It’s a perfect summer day – not just mild with low humidity, but light winds and calm seas – but the flags flying over your local ocean beaches are yellow, not green.
Is there something afoot? A rip current? A tropical system on its way? Not so, officials say. Instead, the use of flags to indicate water safety have changed with the times, and local communities in Ocean and Monmouth counties have been among the first to adopt new standards set forth by the United States Lifeguard Association, an organization that certifies and accredits lifeguard squads across the country.
“The change actually took place during the summer,” explained Rob Brown, deputy Chief Lifeguard for Brick Township, during an online chat with Mayor Lisa Crate. “We started the summer, for a couple weekends, using green flags, and then the United States Lifeguard Association … came out with new guidelines just in early-to-mid June.”
Crate said it was one of the first things she and her family noticed when they went to the beach this season.
“I noticed this year when we went, there wasn’t ever really a green flag,” she said. “It used to be green, yellow or red, and we could kind of figure out how the waves were today.”
Green flags, Brown said, “signify the water is safe to swim, and in the ocean, the water is never truly safe to swim.”
The lifeguarding association suggested several alternatives and, Brown explained, the chiefs of squads in Ocean and Monmouth counties met together to agree upon a new system that would implement the advice they received uniformly from beach-to-beach.
“All of the chiefs got together and decided to add a tiered system,” he said.
Yellow and Red Only?
While green flags have been shown to instill in swimmers a false sense of security, there is also the possibility that yellow flags could lead some beachgoers to believe there is a specific danger on a given day. That potential led to a tiered system, which is explained by signs at beach entrances.
Beachgoers, at the entrance point, will find a yellow flag, a “double yellow” flag, a red flag and a “double red” flag. Each have their own meaning.
“You’re going to see a yellow flag most days, and the days when you used to see a ‘normal’ yellow flag, you’ll see two flags,” Brown said.
A single yellow flag advises swimmers to exercise general caution: “You can swim in the water with no restrictions [beyond normal beach rules], you can use boogie boards, free-swim where you’d like,” he said.
A double-yellow flag indicates that swimming is allowed, but with some sort of restriction due to rough seas or a change in the ocean environment that day that makes a particular activity more hazardous than usual.
“For example, we might remove boogie boards, we might keep you waist-deep in the water or limit where you can swim if there’s a rip current,” said Brown.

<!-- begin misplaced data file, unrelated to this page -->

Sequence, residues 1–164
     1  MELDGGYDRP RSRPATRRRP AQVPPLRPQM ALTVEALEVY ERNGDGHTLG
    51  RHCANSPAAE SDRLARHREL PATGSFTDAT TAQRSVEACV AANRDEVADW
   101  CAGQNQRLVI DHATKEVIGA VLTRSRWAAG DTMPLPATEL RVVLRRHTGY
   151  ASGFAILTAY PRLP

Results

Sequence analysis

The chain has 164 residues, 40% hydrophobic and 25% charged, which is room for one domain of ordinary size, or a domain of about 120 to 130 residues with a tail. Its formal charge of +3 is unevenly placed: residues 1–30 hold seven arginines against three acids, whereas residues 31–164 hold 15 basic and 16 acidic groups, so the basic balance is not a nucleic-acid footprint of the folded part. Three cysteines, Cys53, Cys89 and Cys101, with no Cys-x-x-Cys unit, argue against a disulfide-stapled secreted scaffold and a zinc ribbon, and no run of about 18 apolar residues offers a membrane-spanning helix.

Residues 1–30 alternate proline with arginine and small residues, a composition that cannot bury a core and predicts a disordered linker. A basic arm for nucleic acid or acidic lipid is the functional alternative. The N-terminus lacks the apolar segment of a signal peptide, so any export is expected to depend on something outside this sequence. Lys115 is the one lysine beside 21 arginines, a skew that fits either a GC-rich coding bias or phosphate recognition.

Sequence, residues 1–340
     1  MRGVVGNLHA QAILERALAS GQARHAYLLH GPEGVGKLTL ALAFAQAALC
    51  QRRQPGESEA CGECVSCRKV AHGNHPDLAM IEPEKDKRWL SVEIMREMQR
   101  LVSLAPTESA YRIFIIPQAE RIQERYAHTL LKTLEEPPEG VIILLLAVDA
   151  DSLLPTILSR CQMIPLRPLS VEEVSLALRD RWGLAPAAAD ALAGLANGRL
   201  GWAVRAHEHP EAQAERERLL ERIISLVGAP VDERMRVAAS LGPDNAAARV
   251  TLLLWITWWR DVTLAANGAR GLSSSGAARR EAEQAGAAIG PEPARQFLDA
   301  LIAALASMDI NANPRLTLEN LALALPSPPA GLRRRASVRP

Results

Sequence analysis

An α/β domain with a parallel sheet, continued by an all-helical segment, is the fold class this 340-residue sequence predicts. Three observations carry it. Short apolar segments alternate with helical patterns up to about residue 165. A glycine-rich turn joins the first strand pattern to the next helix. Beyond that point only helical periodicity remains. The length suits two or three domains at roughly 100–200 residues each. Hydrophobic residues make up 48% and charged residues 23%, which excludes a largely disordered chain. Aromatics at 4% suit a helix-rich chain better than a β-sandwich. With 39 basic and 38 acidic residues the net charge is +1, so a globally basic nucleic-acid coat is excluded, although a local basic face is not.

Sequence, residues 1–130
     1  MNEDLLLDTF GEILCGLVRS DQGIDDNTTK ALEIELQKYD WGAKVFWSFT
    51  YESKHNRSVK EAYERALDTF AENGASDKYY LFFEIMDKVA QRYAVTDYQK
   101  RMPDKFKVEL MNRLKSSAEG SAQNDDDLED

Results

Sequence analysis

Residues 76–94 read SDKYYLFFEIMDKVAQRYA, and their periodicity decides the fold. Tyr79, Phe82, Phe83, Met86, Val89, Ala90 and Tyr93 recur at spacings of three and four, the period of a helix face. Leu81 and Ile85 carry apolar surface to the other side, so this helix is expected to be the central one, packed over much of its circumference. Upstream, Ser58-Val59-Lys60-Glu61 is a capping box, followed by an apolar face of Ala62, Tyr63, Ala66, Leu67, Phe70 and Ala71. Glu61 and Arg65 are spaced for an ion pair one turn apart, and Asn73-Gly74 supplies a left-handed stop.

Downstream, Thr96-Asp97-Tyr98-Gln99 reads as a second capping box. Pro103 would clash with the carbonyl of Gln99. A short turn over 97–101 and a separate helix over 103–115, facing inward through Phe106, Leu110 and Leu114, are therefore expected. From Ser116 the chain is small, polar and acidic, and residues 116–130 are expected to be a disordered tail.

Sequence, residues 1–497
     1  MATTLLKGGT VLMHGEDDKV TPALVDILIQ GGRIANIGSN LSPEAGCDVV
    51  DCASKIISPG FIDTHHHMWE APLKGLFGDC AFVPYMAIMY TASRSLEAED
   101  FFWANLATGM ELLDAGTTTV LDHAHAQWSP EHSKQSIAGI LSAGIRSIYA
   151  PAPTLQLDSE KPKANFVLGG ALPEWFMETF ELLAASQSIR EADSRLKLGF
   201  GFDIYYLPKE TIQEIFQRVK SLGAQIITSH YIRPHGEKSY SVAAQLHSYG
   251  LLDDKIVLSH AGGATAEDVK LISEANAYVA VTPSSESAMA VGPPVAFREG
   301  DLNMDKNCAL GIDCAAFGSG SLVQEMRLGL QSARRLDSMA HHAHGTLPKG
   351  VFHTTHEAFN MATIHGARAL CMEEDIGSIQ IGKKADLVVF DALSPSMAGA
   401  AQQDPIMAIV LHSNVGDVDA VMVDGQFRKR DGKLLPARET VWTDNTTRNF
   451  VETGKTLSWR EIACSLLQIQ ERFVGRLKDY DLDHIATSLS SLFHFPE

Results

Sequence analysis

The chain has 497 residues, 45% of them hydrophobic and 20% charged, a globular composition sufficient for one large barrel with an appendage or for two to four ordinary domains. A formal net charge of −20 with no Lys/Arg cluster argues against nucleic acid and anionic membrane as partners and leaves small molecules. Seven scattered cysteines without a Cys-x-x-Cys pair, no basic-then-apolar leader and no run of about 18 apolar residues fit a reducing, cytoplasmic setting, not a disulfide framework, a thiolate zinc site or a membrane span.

A single red flag indicates rough water, but not a total closure of the beach. Swimmers will usually be allowed to go to the water’s edge, ankle deep and splash some water to get cool, but not enter for normal swimming.
A “double red” means conditions are so poor that guards may not be on duty and swimming is not allowed. This may occur when there is an active storm or very rough surf. Sometimes, in these conditions, guards are still on-duty, but only to ensure no one enters the water. This usually occurs during the onset of a tropical system, when the weather may be sunny, but the ocean is extremely dangerous.
“If there’s a tropical storm coming up, say 12 to 14 foot waves, there would be double red flags and you would not be able to pass our lifeguard stands,” Brown said.
In addition to the tiered flag system, most local communities – especially in northern Ocean County – have adopted lightning detection systems following the tragic death of a South Seaside Park lifeguard in 2021 due to a lightning strike. There are two such systems on the market – one type is used in Brick Township and the other is used in Toms River Township and Lavallette that are networked together. Seaside Park has also installed the system this season.
“Our system will detect any cloud-to-ground lightning through the flash itself, as well as the ions that releases, and it’s specifically pointed to our location at the beach,” said Brown. “It’s not pointed back to a station in Manchester or Tinton Falls, where a lot of the weather stations are located.”
Smartphone apps with lightning alerts generally use ionic data from weather stations that detect “cloud to cloud” lightning, but the live detection systems at the beaches utilize optical sensors to detect cloud-to-ground strikes from as far as 20 miles away. At 10 miles, an alert tone sounds and a strobe light flashes, signaling swimmers to exit the water. Guards must wait 30 minutes from the last alert before allowing swimmers to re-enter. Another alarm sounds when lightning strikes are detected from 5 miles away.
Brown said guards have also been aided by a factor less commonly realized by most visitors – the color of bathing suits worn by swimmers.
“Those flourescent bathing suits, the yellows and oranges, something that is easily visible both in and out of the water – something that can catch your eye really quickly and reflect easily in the water – is better than a typical blue bathing suit,” he said. “Those colors get muted out in the ocean really quick.”
The full interview between Crate and Brown can be found in the video embedded below, or at this link.
Brown also speaks about child water safety, junior lifeguarding programs, and similar topics.